Summary: Margery is in charge of a secret operation – she supervises a soldier who is copied to an alien ship where he is responsible for setting up shielding material against some hard radiation. The operation has been going well, but suddenly the clone isn’t focusing and using his time most effectively. Margery decides to clone herself into the ship to see if that will give her any insight into the operation. Her clone forces Margery to acknowledge why she enjoys running the operation so much (because she enjoys the power and control over someone else) and then replaces Margery with a copy of herself. She decides to just copy the clone of the soldier back home to improve results.

Final thoughts: This one got surprisingly dark. There’s just enough backstory to know the government is involved in researching some alien ship that currently has lethal doses of radiation onboard. The real story is with the cloning. Margery is working with alien technology that allows anyone to get cloned from one table to another. There’s a failsafe built into the table so only one copy can exist in each location at a time. When Margery decides to clone herself, she also discovers the cloning tables work in both directions. The original Margery is replaced by a clone of the clone. That clone decides it would be much more efficient to keep sending the soldier clones back and forth from the alien ship. Talk about an existential mindtrip – which version of yourself should have the right to exist? What happens when the original is replaced with an exact copy – is it really the same? If you keep making copies of copies, is there degradation of the signal? Not that Margery cares. She’s just figured out how to get more power and control.

Title comes from: When a clone is sent to the other table, the previous clone is destroyed and turned into a white dust that covers everything in the immediate area.


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The Sky, Falling by Anton Rose

This is the next short story in the Event Horizon 2017 collection of short stories highlighting authors who are eligible for the 2017 Campbell award for best new writer.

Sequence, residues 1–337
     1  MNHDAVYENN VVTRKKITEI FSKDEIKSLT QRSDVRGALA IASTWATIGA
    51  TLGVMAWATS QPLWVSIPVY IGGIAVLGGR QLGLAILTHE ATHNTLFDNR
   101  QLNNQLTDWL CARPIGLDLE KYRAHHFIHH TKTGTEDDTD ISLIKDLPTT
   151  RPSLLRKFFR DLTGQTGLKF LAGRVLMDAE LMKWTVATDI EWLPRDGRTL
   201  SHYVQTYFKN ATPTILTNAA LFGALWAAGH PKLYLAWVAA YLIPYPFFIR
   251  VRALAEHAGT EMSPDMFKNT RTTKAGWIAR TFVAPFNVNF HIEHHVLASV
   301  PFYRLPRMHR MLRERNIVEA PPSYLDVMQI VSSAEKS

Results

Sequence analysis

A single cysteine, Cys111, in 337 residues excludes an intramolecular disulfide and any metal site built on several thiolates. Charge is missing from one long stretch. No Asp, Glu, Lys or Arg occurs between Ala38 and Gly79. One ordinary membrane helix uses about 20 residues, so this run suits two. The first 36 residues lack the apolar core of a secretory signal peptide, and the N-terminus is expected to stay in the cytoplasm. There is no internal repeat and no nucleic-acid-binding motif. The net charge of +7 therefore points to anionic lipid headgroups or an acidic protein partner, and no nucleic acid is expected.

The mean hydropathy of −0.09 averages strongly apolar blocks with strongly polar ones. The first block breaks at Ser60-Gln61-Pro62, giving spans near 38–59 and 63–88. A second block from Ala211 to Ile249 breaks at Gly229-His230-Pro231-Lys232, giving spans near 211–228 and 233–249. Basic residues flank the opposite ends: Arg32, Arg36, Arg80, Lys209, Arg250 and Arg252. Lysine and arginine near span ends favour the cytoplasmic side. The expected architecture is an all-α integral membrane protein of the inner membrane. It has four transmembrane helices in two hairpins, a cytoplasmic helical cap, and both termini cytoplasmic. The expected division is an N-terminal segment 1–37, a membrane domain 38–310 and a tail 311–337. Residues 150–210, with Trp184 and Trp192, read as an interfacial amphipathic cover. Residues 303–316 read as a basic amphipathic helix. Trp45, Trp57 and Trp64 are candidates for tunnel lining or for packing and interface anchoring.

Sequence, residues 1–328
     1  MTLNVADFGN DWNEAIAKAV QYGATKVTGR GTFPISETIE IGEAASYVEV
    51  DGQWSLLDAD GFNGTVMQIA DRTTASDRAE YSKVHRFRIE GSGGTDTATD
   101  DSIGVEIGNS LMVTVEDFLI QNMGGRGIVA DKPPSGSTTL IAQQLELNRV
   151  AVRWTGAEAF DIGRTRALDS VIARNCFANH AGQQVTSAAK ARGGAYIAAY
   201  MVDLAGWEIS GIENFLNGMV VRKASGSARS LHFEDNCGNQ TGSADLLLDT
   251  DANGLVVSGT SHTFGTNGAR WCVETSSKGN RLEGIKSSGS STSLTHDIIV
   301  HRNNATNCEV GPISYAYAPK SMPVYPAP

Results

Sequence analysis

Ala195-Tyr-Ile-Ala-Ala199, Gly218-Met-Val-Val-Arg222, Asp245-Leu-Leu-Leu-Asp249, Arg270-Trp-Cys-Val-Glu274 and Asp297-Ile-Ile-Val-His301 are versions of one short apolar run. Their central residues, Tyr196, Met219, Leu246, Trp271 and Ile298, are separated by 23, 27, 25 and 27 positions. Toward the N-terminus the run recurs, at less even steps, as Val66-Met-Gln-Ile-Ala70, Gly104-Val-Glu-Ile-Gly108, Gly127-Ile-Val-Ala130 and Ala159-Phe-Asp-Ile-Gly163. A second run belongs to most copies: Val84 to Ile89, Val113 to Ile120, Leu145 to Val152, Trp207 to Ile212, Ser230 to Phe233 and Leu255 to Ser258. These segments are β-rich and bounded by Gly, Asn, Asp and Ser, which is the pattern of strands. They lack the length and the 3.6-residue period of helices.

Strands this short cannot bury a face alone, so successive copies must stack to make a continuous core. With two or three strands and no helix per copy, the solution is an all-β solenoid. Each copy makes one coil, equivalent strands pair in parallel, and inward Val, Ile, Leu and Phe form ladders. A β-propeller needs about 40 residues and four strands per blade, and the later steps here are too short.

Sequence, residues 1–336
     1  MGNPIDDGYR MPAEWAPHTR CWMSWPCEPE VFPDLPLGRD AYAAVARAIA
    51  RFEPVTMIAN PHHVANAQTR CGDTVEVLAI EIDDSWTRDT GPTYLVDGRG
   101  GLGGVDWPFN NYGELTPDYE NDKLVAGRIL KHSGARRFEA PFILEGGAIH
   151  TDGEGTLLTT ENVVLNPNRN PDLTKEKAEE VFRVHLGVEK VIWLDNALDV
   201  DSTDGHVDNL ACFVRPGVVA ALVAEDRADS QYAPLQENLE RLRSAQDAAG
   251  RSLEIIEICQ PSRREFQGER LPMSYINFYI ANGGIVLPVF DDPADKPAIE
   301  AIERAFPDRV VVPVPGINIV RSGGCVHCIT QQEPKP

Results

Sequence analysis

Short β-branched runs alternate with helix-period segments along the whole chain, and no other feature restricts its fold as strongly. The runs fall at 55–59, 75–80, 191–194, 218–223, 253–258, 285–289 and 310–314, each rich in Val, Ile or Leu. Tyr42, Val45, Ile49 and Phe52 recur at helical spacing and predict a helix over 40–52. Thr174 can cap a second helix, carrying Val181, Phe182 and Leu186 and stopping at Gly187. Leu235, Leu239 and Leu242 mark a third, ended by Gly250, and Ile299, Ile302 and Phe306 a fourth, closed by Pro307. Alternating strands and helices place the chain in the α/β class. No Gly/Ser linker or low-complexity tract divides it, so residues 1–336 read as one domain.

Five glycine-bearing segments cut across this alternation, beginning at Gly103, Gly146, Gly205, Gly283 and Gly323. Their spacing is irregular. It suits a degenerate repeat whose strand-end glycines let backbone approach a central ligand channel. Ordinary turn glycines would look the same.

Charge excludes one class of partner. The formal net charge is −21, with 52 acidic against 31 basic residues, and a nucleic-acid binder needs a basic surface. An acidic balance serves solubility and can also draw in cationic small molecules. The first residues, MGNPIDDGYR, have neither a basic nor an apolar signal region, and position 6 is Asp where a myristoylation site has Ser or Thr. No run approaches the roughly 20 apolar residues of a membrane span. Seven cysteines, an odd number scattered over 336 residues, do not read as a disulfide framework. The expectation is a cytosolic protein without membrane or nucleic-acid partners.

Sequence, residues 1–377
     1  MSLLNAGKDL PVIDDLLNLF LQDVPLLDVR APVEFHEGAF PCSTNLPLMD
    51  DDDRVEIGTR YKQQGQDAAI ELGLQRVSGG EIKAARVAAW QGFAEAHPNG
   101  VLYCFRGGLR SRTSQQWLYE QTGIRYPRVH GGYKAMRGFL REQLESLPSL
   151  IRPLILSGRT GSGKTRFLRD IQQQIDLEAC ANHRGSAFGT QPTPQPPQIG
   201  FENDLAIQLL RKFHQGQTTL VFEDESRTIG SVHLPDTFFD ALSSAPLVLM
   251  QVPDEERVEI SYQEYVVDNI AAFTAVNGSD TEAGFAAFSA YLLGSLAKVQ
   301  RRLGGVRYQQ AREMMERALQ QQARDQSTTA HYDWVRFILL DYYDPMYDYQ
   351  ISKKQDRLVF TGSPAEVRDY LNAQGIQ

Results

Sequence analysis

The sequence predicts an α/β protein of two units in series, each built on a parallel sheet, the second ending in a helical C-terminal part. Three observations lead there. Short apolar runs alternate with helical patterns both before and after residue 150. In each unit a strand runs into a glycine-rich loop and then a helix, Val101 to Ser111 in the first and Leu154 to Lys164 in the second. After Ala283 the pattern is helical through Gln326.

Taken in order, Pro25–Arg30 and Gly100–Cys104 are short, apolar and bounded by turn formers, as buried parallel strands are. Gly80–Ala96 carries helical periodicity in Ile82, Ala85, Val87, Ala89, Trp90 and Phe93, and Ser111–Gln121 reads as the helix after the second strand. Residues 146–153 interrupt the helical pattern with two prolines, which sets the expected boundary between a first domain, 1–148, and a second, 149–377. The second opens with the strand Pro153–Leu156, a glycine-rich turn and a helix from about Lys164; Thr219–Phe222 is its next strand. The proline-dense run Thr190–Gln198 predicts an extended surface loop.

Published: at Motherboard (follow the link to read it online for free – go ahead, it’s short)

Genre: climate change science fiction short story

Setting: near future, somewhere generic on Earth

Summary: Suref is heading up to his job as a sky engineer. As he walks up the mountain, he reminisces about his life. As he’s working on the platform, an accident happens. Suref falls off the platform and his parachute does not deploy. Again, he thinks about his life as he’s falling.

Final thoughts: A competent story that is only marginally science fictionish. Suref’s job seems to be monitoring the geoengineering of the atmosphere that humans have set up, most likely to minimize climate change without having to eliminate the use of fossil fuels. Because of his job, he had a long way (40,000 feet) to fall when he fell off the platform, which gives you lots of time to come to terms with your life, I guess.

Title comes from: Suref works up in the sky, and spends half the story falling out of it to his death.


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Twiceborn by C. L. Kagmi

Now that I’ve finally written up all of my 2017 books, I’m back to my usual schedule. I’ll get a post about my 2018 reading goals up soon, but Monday means short fiction. I’m still working my way through Event Horizon 2017, so this is the next short story in the collection highlighting authors who are eligible for the 2017 Campbell award for best new writer.

Published: September, 2016 in Compelling Science Fiction Issue 2

Genre: science fiction

Setting: the exoplanet Bharata, far future Continue reading